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Towing Classics

Towing Classics Published: 30th Aug 2018 - 0 Comments - Be the first, contribute now!

Towing Classics
Towing Classics
Towing Classics
Towing Classics
Towing Classics
Towing Classics
Towing Classics
Towing Classics
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Tempted by towing? Don’t worry about putting your classic to work with these tips

While the majority of owners treat their classics like a baby, some aren’t afraid to make them work for their keep, such as towing a trailer or caravan. And why not? That’s they were designed for when new so why act differently now particularly since certain classics do it better than a modern motor thanks to their much simpler make up.

You can’t beat a traditional heavy rearwheel drive old school classic for towing because a long wheelbase is helpful for straight line stability, while a shortish rear overhang (that’s the body projecting past the rear wheels) is also beneficial to prevent a tail-down attitude and resultant wallowing at speed.

A good power-to-weight ratio is essential when towing, but low-rev torque rather than high-revs bhp is the real key. This is where classics with their big lazy slogging engines score over today’s 16-valve screamers that may well and truly fly when given the boot, yet typically can’t pull the skin off a rice pudding below 3000rpm which is right where most of the driving – and towing – is done. The inherent lowly gearing employed on most oldies is another, often forgotten, bonus to make the most of all that pulling torque. So why not give it a go?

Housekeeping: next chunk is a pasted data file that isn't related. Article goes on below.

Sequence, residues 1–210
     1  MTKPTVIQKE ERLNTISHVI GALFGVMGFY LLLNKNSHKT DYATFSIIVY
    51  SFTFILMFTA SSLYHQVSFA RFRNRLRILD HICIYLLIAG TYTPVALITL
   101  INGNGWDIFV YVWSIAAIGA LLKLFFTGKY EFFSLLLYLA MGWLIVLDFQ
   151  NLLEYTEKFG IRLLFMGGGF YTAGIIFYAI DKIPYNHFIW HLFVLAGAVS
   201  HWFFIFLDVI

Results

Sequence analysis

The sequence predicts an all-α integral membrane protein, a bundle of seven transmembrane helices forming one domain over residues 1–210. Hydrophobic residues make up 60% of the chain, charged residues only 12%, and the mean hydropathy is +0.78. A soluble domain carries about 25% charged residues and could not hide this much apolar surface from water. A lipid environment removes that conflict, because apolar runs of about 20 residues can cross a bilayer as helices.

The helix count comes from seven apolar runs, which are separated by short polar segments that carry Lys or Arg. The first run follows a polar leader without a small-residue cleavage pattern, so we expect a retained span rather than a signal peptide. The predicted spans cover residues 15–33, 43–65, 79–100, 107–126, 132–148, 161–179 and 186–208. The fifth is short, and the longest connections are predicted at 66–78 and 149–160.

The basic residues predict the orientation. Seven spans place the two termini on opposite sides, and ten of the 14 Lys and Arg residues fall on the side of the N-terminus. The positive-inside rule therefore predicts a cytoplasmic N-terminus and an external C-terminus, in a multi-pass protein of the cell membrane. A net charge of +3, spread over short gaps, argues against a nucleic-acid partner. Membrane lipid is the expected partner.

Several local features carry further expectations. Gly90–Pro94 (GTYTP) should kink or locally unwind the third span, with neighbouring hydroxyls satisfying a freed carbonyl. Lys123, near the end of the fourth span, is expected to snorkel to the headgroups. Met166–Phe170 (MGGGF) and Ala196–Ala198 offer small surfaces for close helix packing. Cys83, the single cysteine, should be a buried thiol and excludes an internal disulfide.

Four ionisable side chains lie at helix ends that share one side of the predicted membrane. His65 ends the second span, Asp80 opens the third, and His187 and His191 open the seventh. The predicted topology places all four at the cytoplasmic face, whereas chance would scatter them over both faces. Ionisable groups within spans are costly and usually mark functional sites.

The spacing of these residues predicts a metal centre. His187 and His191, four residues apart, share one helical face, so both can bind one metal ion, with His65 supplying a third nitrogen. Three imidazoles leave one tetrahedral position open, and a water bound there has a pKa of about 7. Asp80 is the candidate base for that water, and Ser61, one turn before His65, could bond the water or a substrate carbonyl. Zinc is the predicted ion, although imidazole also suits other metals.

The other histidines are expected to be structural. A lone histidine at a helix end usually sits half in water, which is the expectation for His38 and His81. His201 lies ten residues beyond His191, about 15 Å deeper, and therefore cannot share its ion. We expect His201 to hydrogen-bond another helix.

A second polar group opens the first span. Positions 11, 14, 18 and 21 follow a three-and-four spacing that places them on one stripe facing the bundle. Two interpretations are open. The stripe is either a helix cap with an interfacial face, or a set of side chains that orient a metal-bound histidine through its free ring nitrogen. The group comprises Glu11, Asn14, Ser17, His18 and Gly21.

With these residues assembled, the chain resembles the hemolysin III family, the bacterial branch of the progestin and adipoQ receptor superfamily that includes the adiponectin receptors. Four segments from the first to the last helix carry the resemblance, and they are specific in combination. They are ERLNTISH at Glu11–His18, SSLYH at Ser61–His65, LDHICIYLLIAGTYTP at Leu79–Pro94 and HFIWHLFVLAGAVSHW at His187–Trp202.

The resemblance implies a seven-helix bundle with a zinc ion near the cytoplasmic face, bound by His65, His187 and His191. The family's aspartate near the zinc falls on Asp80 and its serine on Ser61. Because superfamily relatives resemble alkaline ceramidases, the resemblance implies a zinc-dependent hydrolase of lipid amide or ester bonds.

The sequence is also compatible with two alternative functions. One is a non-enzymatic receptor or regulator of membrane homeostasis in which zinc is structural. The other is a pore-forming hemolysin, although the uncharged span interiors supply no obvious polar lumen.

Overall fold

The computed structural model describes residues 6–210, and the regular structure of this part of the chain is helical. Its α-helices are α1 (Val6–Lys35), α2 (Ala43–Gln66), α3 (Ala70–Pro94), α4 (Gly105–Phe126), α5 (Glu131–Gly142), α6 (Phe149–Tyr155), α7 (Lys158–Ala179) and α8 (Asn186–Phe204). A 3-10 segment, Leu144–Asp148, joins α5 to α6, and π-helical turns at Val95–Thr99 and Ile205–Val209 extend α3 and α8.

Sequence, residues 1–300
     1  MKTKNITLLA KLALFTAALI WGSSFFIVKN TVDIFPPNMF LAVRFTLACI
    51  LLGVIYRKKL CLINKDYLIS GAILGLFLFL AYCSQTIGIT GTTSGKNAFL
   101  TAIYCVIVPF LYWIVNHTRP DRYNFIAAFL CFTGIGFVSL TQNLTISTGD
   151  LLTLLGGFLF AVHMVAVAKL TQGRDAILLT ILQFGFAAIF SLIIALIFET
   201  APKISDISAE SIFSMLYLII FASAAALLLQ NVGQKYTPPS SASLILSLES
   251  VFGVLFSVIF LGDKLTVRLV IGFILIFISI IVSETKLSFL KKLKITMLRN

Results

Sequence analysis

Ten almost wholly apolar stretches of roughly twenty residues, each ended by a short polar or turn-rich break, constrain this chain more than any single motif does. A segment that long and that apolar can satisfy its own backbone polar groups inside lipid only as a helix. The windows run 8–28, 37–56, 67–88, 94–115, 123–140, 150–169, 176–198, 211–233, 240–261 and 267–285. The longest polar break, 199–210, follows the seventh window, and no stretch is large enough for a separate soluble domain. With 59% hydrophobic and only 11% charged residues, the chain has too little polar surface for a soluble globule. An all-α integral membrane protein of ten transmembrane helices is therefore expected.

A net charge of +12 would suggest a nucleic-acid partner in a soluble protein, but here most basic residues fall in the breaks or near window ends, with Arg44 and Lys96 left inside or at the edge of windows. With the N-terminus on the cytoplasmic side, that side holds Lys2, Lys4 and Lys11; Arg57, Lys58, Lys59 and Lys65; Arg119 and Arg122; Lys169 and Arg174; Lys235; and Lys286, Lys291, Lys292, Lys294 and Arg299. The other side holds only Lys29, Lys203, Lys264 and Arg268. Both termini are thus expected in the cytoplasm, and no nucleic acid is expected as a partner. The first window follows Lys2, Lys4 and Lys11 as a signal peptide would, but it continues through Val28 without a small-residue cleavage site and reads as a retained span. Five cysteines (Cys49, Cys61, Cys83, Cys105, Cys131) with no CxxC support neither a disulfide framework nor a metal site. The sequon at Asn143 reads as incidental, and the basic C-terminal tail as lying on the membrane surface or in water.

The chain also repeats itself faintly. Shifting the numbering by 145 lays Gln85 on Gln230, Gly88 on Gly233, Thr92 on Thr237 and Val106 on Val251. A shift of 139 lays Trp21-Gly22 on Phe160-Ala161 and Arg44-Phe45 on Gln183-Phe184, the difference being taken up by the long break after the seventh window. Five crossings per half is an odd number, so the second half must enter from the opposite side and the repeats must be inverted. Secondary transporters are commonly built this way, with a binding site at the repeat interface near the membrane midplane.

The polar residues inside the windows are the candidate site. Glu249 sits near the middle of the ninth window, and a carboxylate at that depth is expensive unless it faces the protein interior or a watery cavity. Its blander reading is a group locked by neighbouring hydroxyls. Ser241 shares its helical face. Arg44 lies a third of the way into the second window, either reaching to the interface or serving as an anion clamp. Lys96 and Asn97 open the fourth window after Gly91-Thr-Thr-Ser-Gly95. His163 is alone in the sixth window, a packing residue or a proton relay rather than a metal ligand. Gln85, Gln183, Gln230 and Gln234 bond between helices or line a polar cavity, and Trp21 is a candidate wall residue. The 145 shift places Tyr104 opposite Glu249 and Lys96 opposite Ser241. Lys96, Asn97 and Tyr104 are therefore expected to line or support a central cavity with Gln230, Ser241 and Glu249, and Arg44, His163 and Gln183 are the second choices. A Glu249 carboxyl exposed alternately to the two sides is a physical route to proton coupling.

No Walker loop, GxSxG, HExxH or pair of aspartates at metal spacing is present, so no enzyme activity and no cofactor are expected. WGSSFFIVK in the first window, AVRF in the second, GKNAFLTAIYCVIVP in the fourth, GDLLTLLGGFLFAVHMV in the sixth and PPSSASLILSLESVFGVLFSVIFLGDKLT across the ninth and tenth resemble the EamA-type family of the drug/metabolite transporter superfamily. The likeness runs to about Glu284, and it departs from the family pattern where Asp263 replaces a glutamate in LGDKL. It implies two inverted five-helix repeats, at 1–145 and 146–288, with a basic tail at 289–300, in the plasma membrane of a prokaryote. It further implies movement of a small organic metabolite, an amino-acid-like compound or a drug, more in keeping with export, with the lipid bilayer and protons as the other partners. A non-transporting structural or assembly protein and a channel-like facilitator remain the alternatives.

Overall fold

Top tow cars

Usually, you can tow a trailer up to the kerbweight of your car, although there are many examples of cars with much higher or much lower towing capacities than their kerbweights. In addition, there are a number of older cars where there is no stated towing capacity at all.

Generally a high torque, heavy classic is the ideal. Anything with a Rover V8 in will pull like a train – Range Rovers, P5Bs, P6Bs etc – as will Jaguars, old Humbers, Zodiacs, Crestas and the like. Ditto, thanks to that lusty Ford V6 it was said that around half of all Reliant Scimitars GTEs sported a tow bar at some point.

Cortinas, Capris, Alpines, TRs and MGBs can haul happily successfully but it depends on what you need to tow. A normal trailer, jet ski and the like is fine but modern caravans – with conveniences that mirror your home, such as aircon, may not be due to their whopping weights which is why so many caravan enthusiasts use big 4x4s and SUVs to cope. Your handbook will give you the precise weights of your car (or your car club can help) and many later vehicles may have a max weights plate under the bonnet, but bear in mind that despite what the law says, it’s far preferable and safer (especially for towing novices) to stick to the industry’s recommended 85 per cent rule (i.e. you only haul up to 85 per cent of the car’s kerbweight). In fact, we’d hover around the 75 per cent region in deference to an old car’s condition and value.

Sporting types on the pull

Sports classics are known for having real pulling power in more ways than one, but they are usually a no-tow area – ironic since a Dodge Viper, set a world speed record at almost 130mph a decade ago! But there’s no stopping you from using a classic sports car – if you can sort out a suitable tow bar and car that is.